A bioengineered water creature, made from heart cells of rats and silicone, came “alive” with an electric zap and swam like a jellyfish, according to its Harvard University and California Institute of Technology creators.
The research, published today in the journal Nature Biotechnology shows how scientists can create life-like forms by replicating the structure and function of simple creatures, in this case, a jellyfish. Its pulsating properties, like that of a human heart, also suggest that the eight-legged thing dubbed “Medusoid,” may one day lead to new therapeutic devices, such as pacemakers, made from organic substances, scientists said.
“As engineers, we’re very comfortable building with plastics and metals, but in the long term, we think the more viable approach is to build these components out of biological materials,” John Dabiri, a study author and professor at CalTech, said in an interview. “The big picture here is to try to develop tools to improve biomedical technology -- so think about repair of a damaged heart.”
Scientists crafted their Medusoid from the heart cells of rats to give it pumping action, a silicone polymer membrane to give it an elastic structure that enabled motion and then covered the membrane with a protein arranged in the same pattern as a jellyfish’s muscle assembly. They then released it into a laboratory pool of fluid and shocked it, Frankenstein-like, to spur its motion.
The Frankenstein analogy “certainly came to my mind when I started working on this project,” Dabiri said. “Our objective is more noble, I hope -- we want to use this to improve people’s lives.”
Ultimately, Dabiri said he wants to create a version that doesn’t need an outside source of energy, a key step toward creating a viable replacement organ. Current artificial hearts are passive, and rely on an electrical charge to make them beat, much like the Medusoid relies on electrical currents to spur its eight arms to move.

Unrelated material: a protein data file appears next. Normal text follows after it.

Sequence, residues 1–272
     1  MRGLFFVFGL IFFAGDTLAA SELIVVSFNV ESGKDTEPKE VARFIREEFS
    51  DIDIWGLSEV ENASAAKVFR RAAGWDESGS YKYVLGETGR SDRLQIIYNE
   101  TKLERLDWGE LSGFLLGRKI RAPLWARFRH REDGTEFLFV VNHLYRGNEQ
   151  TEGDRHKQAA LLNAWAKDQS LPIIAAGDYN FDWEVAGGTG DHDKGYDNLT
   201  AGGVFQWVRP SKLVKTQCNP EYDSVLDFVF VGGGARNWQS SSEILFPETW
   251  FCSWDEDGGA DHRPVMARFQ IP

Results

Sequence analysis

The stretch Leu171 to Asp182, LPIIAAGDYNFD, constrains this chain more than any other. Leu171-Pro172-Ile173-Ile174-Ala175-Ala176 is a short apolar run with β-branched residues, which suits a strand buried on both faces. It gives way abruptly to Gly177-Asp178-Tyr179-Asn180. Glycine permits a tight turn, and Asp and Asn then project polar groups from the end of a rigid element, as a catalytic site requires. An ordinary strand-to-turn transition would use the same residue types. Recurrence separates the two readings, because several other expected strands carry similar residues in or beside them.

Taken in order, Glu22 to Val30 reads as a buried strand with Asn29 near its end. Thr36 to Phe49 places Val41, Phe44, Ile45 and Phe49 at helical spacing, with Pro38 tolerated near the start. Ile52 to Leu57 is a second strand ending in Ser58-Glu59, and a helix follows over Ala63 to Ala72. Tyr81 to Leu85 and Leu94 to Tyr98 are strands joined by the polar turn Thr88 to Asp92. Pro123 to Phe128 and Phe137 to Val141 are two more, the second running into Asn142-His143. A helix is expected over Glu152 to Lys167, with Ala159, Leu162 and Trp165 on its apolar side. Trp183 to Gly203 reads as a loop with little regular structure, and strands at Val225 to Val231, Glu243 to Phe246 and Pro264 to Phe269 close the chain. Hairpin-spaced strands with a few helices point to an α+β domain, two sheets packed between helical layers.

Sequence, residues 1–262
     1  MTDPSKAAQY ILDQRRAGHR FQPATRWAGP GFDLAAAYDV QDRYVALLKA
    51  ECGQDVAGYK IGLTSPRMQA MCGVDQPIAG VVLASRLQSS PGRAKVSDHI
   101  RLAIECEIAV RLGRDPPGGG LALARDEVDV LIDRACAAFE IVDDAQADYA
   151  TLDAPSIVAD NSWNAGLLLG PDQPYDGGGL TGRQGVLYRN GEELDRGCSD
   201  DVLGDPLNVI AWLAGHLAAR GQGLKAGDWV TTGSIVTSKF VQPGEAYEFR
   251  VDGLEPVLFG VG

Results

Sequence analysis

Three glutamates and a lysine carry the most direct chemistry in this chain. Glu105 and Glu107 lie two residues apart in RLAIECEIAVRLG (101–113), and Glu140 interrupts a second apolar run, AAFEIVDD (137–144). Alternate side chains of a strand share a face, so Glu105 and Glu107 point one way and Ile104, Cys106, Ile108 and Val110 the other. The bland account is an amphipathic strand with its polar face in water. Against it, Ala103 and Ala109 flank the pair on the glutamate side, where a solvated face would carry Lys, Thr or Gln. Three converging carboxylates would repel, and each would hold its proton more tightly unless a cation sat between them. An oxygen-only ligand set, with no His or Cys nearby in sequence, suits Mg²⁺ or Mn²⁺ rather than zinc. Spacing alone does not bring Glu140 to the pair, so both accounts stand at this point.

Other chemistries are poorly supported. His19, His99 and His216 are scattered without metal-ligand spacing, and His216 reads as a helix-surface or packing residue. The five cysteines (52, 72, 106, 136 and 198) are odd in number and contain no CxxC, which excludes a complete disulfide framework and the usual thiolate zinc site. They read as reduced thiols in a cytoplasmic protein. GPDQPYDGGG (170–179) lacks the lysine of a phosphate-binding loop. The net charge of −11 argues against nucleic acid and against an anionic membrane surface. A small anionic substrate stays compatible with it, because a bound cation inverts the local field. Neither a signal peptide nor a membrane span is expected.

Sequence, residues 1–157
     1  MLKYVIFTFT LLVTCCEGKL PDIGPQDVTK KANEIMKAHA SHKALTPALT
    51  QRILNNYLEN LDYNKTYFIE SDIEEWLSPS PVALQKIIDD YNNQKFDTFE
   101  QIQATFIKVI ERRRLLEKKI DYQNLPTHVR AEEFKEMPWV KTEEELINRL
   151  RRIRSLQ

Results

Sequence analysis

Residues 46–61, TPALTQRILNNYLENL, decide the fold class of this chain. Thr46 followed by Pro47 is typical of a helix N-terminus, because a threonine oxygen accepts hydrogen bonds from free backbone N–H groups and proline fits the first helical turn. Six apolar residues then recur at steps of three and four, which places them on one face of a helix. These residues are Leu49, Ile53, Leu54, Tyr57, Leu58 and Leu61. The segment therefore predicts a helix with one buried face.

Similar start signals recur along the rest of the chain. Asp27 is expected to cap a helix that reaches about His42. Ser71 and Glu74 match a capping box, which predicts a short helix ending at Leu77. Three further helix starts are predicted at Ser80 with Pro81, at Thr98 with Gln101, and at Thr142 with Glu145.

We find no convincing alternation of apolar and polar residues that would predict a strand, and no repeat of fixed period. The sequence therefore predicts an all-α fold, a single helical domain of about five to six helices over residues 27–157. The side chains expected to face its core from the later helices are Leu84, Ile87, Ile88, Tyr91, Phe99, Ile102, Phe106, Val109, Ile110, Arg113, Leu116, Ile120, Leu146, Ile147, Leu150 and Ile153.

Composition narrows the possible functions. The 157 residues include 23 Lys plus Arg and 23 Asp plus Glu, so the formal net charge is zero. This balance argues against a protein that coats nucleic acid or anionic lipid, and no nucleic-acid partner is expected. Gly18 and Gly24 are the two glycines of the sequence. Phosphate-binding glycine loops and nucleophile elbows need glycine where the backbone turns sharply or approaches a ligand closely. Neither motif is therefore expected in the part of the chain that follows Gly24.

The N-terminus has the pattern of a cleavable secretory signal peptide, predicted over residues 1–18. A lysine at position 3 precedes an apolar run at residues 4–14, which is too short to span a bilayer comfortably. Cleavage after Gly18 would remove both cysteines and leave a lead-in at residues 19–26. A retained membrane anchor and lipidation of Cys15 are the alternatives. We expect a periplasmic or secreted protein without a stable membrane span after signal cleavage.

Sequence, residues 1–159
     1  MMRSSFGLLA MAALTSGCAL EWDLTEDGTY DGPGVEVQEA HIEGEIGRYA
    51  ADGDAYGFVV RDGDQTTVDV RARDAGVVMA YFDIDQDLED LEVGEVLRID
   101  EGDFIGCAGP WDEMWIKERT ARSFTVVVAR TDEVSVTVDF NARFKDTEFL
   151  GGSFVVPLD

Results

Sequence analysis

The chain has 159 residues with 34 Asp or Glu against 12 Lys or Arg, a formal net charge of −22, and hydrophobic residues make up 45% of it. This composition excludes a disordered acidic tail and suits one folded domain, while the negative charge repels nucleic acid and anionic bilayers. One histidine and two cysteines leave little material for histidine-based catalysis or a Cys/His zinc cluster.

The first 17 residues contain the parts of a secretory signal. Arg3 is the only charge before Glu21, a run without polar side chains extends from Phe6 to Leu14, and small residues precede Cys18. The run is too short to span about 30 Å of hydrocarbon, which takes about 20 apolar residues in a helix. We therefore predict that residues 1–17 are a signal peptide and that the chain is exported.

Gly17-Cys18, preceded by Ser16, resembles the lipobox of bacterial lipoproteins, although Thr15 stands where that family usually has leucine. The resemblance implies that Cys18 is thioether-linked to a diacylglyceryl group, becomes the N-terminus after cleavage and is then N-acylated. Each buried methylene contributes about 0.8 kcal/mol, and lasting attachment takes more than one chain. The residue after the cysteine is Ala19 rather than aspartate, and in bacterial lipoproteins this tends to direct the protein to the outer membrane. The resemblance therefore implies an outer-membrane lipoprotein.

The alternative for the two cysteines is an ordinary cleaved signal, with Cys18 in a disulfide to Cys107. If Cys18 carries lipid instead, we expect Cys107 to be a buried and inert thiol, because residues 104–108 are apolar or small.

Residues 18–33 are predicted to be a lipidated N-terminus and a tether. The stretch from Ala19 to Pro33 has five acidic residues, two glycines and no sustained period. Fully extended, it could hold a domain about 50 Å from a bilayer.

An active replacement organ would be able to generate its own power by absorbing nutrients from a patient’s bloodstream, he said, just as real organs do, though that ability is years away from becoming reality.
Another goal of the research was to see if tissue engineering could be improved by an approach that focused on a function of an organism rather than its components.
That notion occurred to Kevin Kit Parker, a professor of Bioengineering and Applied Physics at Harvard and one of the study’s authors, on a visit to the New England Aquarium in Boston.
“I started looking at marine organisms that pump to survive,” he said in a statement. “Then I saw a jellyfish at the New England Aquarium, and I immediately noted both similarities and differences between how the jellyfish pumps and the human heart. The similarities help reveal what you need to do to design a bio-inspired pump.”
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